So how does that happen? How do I get diagnosed with secondary cancer in my thymus and right axilla in September and then cancer free in January? Let's review the evidence;
September: CT scan which reveals that thymus gland is enlarged. Could be as a result of chemo but Prof wants to check with a PET scan.
Late September: PET scan which reveals cancer around the thymus and under the right axilla.
October: Needles put into right armpit to try and take out some cancer cells for analysis. No cancer cells found.
December: PET scan reveals that cancer has spread from thymus and right armpit into the neck as well. Doctor reluctant to start treatment based on PET scan as still so new and high rate of false positives so he orders a CT scan for early January. (Thank goodness - I could be having chemo right now otherwise!)
January: CT scan comes back completely, utterly clear. The thymus enlargement in August was clearly just a result of chemo and the PET scans were false positives.
Next check up due in two months. We are going to forget scans and go by feel. After all, knowing it is back doesn't help at all until we have (excuse the pun) something solid to deal with.
So this means that after all that pain and heartbreak, it never actually was secondary. It never metastasized after all. I have been clear all this time and I am currently.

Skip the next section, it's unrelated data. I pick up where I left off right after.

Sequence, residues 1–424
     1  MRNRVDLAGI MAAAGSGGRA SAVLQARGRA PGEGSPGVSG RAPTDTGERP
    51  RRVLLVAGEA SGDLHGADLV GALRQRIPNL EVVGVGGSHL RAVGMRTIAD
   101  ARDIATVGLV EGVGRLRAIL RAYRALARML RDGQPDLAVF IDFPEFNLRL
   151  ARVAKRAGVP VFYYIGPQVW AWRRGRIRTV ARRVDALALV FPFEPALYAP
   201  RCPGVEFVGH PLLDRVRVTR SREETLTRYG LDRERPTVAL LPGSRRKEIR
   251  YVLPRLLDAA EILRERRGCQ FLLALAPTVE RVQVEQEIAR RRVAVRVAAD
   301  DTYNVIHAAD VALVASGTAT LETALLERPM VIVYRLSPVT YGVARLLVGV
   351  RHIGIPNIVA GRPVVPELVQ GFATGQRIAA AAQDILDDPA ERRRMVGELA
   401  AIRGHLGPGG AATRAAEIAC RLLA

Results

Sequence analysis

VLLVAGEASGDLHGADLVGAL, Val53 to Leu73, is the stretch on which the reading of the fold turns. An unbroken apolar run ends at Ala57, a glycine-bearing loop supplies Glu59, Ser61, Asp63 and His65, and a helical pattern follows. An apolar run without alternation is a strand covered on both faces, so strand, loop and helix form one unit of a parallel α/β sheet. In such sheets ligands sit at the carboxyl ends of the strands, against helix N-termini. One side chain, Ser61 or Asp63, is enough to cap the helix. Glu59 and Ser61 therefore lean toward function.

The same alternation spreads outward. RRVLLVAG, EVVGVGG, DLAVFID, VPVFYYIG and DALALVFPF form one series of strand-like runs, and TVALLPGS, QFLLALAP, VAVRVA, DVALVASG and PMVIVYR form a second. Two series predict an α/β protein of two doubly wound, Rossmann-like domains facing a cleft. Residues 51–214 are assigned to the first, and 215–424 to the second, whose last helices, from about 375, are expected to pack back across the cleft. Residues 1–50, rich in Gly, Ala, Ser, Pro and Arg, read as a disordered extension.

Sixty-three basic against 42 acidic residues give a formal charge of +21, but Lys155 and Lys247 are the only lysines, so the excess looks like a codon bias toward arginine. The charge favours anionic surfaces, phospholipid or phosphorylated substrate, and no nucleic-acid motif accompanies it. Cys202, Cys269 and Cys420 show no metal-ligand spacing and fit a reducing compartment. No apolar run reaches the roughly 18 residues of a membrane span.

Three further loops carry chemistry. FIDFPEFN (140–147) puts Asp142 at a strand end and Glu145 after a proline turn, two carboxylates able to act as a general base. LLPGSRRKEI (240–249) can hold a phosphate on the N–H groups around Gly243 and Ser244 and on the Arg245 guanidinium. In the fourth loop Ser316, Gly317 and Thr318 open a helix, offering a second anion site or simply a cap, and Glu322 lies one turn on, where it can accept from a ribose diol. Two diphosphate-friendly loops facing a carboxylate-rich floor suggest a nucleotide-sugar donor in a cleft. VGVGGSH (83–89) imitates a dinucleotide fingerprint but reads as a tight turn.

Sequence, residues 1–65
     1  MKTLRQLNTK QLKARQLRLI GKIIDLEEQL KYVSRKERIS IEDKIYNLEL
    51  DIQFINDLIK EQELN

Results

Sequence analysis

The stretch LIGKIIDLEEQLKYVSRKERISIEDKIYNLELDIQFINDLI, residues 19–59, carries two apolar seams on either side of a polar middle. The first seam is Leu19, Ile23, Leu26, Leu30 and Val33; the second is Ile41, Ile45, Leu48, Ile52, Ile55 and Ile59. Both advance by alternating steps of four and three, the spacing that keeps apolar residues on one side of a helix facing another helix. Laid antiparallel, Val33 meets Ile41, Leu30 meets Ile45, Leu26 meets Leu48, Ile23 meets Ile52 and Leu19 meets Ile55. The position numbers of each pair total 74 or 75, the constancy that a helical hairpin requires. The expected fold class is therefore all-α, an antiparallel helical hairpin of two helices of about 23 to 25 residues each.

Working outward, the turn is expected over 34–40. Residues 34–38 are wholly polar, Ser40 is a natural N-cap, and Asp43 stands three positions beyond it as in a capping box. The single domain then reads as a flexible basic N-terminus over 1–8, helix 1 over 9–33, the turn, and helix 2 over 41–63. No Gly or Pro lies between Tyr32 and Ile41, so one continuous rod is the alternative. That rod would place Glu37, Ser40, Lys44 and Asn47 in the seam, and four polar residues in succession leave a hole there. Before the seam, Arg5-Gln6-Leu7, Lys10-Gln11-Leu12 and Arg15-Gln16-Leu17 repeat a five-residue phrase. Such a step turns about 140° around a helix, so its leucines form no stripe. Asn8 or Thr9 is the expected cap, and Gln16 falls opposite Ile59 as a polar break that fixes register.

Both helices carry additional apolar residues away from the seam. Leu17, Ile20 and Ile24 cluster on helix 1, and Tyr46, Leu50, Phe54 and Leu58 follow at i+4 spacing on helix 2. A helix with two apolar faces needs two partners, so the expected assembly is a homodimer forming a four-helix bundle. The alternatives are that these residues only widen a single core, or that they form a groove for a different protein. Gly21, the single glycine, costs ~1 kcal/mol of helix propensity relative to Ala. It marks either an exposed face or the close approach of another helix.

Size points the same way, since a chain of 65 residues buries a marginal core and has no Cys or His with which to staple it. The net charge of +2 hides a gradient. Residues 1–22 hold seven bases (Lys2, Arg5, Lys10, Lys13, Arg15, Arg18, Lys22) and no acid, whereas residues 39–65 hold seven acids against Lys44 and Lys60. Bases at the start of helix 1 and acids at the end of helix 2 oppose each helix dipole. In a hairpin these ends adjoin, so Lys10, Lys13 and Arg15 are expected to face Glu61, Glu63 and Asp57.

Of course there are the requisite questions going round my head, I mean, after all that means that the CT scan could be a false negative which it could. But second guessing, anger, and distress are, I feel, a waste of time. Yes, I have been through unnecessary grief, yes, I have been to the end of the earth and back, but you know what? I CAN do it. I can look death in the eyes and prepare for it; I can deal with secondary cancer and continue to live my life. I do not blame my doctors at all: it is better to have doctors who look after and out for you than neglectful ones.
I am so damn lucky: I still cannot come to terms with it. I woke up this morning and the first thought was the same as I have had for the past two years: Oh, I have cancer, and then came in the flow of joy, No I don't!
When I was under the illusion that I was under Cancer's shadow, I kept writing about snatching every moment, but I didn't really feel it. Today, I feel it. Today, every shade of green in the garden, every grey in the sky, every smile on my daughters, every monotonous household task has a joy all of its very own.
I am back to being ordinary and I love it.